Bangladesh asked the International Monetary Fund to start talks on a new loan under the creditor's Resilience and Sustainability Trust (RST), which is designed to help countries ensure sustainable growth, said Krishna Srinivasan, director of the IMF's Asia and Pacific Department, in a Tuesday interview.
Bangladesh's $416 billion economy is the first in Asia to put such a request forward to the Washington-based lender as it seeks to ramp up its attention on how to mitigate the impact of climate change.
"The RST comes also with an (upper credit tranche) programme, so it's a joint initiative. The amounts will have to be discussed subsequently," Srinivasan told Reuters. This means that Bangladesh will need a regular IMF-supported programme such as a stand-by agreement or an extended fund facility to be able to get this new type of financing.
"This facility is aimed at addressing transformational changes in countries, notably climate change and pandemic preparedness," he said. "One would hope that other countries would also take advantage of this instrument."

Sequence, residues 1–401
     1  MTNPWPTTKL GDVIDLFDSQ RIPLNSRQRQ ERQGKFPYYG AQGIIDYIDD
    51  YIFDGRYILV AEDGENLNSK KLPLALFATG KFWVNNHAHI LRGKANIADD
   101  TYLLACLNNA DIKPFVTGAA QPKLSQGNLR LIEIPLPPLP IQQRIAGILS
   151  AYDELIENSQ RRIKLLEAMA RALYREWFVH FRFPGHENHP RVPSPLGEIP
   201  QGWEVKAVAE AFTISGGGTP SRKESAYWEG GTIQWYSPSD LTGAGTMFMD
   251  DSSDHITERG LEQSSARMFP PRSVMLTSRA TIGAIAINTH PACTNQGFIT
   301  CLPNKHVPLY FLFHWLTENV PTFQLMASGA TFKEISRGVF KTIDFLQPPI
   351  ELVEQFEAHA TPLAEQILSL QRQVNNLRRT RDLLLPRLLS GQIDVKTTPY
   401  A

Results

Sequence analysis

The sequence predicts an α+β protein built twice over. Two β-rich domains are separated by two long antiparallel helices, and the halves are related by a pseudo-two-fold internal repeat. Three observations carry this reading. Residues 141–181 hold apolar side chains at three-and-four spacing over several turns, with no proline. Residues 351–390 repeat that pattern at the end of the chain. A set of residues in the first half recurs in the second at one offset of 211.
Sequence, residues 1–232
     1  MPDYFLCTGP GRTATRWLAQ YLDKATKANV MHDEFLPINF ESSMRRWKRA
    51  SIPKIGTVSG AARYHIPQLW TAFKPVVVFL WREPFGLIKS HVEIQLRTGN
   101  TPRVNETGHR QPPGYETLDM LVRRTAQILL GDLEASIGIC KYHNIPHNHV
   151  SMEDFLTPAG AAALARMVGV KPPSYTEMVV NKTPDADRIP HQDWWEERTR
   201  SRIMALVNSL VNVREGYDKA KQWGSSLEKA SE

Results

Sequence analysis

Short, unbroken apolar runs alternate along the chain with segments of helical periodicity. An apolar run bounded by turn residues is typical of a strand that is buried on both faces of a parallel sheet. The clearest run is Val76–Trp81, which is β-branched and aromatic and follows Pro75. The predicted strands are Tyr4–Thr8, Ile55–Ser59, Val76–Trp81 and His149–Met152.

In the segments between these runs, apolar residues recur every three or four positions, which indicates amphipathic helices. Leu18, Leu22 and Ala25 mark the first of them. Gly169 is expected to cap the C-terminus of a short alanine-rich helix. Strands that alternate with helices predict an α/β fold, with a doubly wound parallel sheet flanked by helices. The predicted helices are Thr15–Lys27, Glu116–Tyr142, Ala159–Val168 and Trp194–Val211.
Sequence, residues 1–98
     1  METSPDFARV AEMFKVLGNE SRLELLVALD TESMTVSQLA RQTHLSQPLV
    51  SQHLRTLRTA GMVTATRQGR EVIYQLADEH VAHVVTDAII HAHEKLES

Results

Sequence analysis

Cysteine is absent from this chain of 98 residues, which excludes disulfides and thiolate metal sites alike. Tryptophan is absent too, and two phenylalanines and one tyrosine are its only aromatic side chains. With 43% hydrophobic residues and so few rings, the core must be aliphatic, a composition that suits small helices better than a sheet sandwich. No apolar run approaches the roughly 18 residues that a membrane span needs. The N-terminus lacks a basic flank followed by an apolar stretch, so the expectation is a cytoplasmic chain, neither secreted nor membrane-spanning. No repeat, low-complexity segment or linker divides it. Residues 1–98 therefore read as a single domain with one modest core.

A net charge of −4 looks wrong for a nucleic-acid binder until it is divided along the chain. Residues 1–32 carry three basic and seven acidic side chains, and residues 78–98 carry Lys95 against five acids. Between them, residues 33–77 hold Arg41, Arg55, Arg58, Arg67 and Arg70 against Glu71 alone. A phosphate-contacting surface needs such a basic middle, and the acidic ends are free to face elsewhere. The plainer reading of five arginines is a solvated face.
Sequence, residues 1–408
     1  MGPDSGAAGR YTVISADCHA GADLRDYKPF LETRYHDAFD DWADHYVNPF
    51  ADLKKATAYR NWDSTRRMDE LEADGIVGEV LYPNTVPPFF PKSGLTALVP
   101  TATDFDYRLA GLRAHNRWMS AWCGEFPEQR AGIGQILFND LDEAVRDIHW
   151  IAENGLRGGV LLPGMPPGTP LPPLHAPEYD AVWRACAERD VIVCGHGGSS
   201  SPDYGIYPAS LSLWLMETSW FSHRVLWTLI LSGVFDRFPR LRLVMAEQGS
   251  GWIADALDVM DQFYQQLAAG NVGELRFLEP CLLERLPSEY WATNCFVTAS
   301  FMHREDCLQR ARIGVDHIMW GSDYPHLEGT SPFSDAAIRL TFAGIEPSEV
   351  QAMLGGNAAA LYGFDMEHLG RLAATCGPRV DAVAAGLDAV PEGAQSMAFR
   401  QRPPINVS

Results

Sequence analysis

RST funds are capped at 150% of a country's quota or, in Bangladesh's case, the maximum of $1 billion.
Bangladesh is seeking a $4.5 billion loan from the IMF, local newspaper The Daily Star reported on Tuesday.
The IMF expects to begin lending from the RST in October. Low-income and vulnerable middle-income countries can apply to get the financing, which has channelled special drawing rights from countries with strong external positions, according to the fund's website.
The loans will have a 20-year maturity and a 10-1/2-year grace period.
"We would hope that it is one among more to come down the road," Srinivasan said.